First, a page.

Does the UK need a codified constitution?

Arguments for
• There is too much power vested in the executive. A new constitutional settlement is needed to disperse power more widely. • There is too much power in the centre, in London. • The prerogative powers exercised by the government on behalf of the Crown are ill-defined and uncontrolled. Prerogative-based actions can only be limited if the courts judge them to be excessive. Decisions such as the declaration of war, the committal of British troops to battle, the signing of foreign treaties and general foreign policy initiatives are all taken under discretionary prerogative powers. • The rights of citizens are under threat and require greater protection. The police have been given increasing powers as crime and the threat of terrorism have increased. The state holds a huge amount of information about individuals. Rights in the workplace need firmer guarantees as trade unions have become weaker.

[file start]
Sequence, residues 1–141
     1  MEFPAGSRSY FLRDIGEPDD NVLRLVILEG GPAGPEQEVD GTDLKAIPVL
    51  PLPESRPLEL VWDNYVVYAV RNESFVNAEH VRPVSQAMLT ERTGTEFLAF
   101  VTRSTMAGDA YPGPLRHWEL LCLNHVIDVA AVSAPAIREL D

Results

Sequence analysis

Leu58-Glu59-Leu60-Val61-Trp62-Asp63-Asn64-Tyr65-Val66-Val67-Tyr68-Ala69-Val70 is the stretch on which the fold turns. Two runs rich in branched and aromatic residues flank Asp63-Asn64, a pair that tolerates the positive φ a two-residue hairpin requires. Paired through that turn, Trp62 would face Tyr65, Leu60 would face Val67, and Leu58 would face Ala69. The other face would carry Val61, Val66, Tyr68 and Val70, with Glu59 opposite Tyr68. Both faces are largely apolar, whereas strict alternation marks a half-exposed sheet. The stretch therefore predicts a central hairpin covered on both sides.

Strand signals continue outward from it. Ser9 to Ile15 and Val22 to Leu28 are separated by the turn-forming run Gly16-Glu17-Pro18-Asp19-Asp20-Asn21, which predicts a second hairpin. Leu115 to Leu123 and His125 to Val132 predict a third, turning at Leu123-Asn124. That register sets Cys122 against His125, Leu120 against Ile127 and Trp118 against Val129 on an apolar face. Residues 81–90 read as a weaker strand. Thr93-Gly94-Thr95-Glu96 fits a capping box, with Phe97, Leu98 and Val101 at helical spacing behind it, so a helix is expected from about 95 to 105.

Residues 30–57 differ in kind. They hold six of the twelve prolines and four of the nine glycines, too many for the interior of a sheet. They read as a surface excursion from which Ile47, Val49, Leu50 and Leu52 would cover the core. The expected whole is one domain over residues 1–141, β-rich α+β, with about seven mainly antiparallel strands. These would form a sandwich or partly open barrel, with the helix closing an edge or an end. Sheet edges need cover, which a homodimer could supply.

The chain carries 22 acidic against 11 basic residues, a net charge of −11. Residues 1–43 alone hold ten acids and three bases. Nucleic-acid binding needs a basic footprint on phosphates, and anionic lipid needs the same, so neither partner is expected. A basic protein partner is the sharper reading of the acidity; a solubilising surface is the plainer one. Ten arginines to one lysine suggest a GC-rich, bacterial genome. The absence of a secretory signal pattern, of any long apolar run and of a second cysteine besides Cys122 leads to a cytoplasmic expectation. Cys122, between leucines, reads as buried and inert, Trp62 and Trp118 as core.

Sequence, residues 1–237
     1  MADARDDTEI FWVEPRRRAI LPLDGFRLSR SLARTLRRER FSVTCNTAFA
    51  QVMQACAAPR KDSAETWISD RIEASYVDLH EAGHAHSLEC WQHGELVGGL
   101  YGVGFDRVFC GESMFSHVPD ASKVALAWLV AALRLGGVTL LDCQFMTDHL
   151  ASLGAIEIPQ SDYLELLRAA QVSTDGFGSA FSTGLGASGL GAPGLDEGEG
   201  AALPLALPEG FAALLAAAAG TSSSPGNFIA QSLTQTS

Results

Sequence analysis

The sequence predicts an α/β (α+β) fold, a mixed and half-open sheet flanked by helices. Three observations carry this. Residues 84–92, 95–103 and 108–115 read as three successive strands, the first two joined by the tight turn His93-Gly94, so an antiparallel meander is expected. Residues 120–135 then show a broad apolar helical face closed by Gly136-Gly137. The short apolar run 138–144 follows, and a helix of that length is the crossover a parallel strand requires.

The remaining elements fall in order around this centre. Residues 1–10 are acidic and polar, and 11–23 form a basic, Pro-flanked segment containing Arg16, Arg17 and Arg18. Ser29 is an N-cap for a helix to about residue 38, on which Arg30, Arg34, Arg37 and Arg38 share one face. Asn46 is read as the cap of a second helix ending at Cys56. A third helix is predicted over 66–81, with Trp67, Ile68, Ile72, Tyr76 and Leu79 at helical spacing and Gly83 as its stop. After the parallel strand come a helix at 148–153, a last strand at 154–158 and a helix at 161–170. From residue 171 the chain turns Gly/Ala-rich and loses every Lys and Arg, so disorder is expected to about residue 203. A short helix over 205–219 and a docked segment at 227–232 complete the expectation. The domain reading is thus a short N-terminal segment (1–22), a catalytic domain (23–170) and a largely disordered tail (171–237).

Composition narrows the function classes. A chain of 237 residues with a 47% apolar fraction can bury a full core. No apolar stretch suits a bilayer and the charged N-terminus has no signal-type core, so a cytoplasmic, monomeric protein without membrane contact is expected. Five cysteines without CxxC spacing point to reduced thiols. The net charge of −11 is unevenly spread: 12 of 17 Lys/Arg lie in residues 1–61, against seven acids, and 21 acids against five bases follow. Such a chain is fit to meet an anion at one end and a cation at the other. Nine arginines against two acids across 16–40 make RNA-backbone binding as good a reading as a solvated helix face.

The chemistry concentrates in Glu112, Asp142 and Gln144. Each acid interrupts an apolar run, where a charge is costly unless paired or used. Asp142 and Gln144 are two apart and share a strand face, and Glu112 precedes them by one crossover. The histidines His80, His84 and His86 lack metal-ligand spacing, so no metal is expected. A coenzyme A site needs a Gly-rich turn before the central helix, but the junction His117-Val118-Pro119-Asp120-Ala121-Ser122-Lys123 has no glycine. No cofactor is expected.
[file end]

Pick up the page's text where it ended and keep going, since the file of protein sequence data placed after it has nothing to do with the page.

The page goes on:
Arguments against
• A constitution would weaken government. The British government is admired for its ability to control the legislature, to carry out electoral mandate without delay and to deal with unforeseen circumstances without encountering the hindrance of too many constitutional restraints. • The current situation is flexible and adaptable. The British constitution has been able to adapt to circumstance. • The judiciary would have to become more involved in resolving constitutional disputes. Many of these concern the power of government, so are political. Should judges be involved, given that they are neither elected nor responsible? • An entrenched constitution or Bill of Rights would remove the sovereignty of Parliament. It would challenge the institutions of the monarch and Parliament.